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Fair,34°
Thursday, April 17, 2014

Progress, if slow, on Barnes
(Page 2 of 3)
Jeffrey Press
When the Department of Public Works paved over a sewer cap on Barnes Avenue, residents wondered if the county was merely covering up a problem. Those fears, it seems, are unfounded. The sewer system has been extensively repaired, according to the county, and informed observers of the situation are optimistic.

As far as the Presses are concerned, a substantial amount of work still needs to be done to fulfill a promise County Executive Ed Mangano made in mid-November to “provide for cleaning out and decontamination of certain identified homes and areas in Baldwin and East Rockaway related to sewer system breaches caused during Superstorm Sandy.”

“I think what [the county wants] to do and what they fiscally can do are not in sync,” Jeffrey said.

“I was promised by Mangano that he would clean up the house,” Erica added. “Face to face, on my front step, he said, ‘This house is first. It’s the priority.’”

The county sees the situation on Barnes differently. Martino and Mangano could not address the Press family’s situation specifically, but both said that residents of Barnes Avenue were getting the help they needed.

Martino, who pointed out the DPW’s contention that pre-Sandy weaknesses in the Barnes Avenue sewer cap were not the cause of its failure during the storm, said that most residents of the affected areas were pleased with the steps taken on their behalf. “The residents have understood the difficulty of this task,” he said, “and have been appreciative of the county’s response to this issue.”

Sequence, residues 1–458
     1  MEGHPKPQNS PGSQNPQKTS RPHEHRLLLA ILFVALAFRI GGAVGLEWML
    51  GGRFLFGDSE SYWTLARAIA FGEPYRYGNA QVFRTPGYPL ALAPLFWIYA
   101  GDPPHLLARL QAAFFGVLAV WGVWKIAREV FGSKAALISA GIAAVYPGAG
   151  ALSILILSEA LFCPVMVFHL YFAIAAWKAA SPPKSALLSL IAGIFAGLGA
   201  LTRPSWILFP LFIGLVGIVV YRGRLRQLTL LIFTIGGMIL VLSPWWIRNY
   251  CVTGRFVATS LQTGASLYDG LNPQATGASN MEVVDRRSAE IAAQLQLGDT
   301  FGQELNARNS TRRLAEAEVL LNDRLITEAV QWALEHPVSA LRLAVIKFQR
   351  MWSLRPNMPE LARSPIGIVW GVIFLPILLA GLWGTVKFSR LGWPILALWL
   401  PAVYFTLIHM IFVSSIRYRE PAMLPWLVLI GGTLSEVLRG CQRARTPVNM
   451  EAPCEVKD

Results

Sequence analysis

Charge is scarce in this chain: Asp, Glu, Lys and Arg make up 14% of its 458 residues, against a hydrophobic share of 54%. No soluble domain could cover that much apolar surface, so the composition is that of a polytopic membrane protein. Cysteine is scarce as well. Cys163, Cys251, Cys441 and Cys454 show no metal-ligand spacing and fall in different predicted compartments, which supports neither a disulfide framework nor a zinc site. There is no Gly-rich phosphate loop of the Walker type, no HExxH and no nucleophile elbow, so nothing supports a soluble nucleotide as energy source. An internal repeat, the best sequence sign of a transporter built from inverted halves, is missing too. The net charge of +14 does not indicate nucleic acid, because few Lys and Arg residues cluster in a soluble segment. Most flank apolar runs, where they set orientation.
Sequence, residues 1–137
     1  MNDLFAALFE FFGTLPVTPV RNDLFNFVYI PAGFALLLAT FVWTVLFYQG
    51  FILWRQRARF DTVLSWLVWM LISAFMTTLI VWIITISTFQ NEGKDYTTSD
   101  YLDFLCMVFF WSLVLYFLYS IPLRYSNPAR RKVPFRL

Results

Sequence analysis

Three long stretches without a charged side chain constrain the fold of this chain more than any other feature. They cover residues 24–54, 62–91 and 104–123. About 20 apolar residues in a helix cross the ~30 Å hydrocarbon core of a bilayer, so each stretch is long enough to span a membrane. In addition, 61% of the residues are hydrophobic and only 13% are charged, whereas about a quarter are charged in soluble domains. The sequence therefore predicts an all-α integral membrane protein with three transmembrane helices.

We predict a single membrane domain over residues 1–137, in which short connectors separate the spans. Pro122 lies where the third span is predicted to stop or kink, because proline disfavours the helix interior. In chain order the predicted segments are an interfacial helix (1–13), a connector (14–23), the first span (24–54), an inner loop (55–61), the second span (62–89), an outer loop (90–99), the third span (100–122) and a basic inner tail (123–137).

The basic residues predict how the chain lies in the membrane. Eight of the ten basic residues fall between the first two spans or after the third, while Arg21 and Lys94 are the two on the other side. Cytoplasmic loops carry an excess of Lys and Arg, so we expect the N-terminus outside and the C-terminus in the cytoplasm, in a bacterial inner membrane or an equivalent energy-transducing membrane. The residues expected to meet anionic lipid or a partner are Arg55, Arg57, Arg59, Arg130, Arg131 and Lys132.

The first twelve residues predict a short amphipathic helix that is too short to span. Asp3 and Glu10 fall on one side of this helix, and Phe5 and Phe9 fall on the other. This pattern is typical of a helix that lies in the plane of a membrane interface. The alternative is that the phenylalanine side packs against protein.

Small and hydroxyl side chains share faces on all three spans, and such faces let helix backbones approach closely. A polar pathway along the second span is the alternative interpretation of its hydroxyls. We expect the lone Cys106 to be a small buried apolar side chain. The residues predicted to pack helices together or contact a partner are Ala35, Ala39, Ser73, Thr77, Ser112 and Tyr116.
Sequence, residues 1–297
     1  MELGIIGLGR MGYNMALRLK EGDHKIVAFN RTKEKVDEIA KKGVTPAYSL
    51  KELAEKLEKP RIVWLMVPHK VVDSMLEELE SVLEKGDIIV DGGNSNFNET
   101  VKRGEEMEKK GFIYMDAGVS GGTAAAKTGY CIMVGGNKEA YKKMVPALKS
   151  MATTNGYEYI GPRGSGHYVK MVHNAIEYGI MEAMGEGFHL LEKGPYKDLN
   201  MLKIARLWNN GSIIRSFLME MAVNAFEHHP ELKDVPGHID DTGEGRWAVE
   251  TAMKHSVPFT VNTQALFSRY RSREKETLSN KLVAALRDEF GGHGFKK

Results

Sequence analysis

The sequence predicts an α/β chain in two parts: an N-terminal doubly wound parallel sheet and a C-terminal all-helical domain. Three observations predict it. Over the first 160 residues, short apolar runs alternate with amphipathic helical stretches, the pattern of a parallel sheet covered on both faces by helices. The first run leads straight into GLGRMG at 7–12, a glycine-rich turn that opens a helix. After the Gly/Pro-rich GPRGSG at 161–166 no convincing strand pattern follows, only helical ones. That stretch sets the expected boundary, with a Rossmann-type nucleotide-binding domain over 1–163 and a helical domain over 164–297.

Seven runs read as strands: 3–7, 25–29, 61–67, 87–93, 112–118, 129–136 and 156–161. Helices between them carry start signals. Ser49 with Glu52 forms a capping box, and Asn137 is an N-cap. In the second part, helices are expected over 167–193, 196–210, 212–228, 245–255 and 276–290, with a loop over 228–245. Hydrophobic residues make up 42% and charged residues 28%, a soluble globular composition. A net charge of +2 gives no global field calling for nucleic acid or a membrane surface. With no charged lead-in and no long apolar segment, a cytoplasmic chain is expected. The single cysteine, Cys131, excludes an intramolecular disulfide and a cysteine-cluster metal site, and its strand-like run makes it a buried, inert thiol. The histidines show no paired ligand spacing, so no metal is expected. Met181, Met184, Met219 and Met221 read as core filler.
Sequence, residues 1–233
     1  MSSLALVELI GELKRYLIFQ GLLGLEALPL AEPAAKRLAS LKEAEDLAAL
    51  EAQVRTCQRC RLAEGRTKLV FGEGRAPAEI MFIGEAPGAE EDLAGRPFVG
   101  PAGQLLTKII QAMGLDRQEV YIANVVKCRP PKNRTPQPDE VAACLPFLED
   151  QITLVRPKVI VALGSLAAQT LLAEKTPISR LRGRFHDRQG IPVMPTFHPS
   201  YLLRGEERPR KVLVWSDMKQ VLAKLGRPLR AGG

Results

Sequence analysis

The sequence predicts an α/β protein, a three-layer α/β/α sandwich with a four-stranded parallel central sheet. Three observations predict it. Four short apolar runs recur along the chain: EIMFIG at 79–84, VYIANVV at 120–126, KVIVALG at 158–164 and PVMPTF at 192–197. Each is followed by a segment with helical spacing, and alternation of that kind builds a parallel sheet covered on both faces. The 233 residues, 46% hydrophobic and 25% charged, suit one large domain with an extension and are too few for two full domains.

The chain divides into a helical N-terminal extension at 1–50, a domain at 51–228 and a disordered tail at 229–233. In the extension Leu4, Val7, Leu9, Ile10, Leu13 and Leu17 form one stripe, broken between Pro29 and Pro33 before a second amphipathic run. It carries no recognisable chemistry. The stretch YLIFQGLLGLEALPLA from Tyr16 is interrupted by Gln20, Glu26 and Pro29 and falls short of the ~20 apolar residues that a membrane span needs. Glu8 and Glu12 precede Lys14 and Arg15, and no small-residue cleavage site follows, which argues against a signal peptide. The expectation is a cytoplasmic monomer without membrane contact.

Asked what services the county had provided, Martino said, “Homes have been assessed by JC Broderick for any impact from sewage.” (JC Broderick is a Hauppauge- based environmental consulting firm.) He also said that a second company, Brach Services, was performing “demolition and sanitizing work to stabilize the homes while homeowners prepare to complete final repairs.”

Mangano also claims that he is delivering. “We immediately provided an industrial hygienist,” he said. “They removed, with the homeowners’ permission, any contaminants. We’re committed to helping all the residents who were affected.”

Although they were happy with the county’s initial work on their behalf, the Presses said, they feel there’s a long way to go. “The work here stopped with demo and stabilization,” said Jeffrey, a photographer. “The sewage itself has not been removed from my home. The sewage is still there, soaked into the structure. No biocide was sprayed.”

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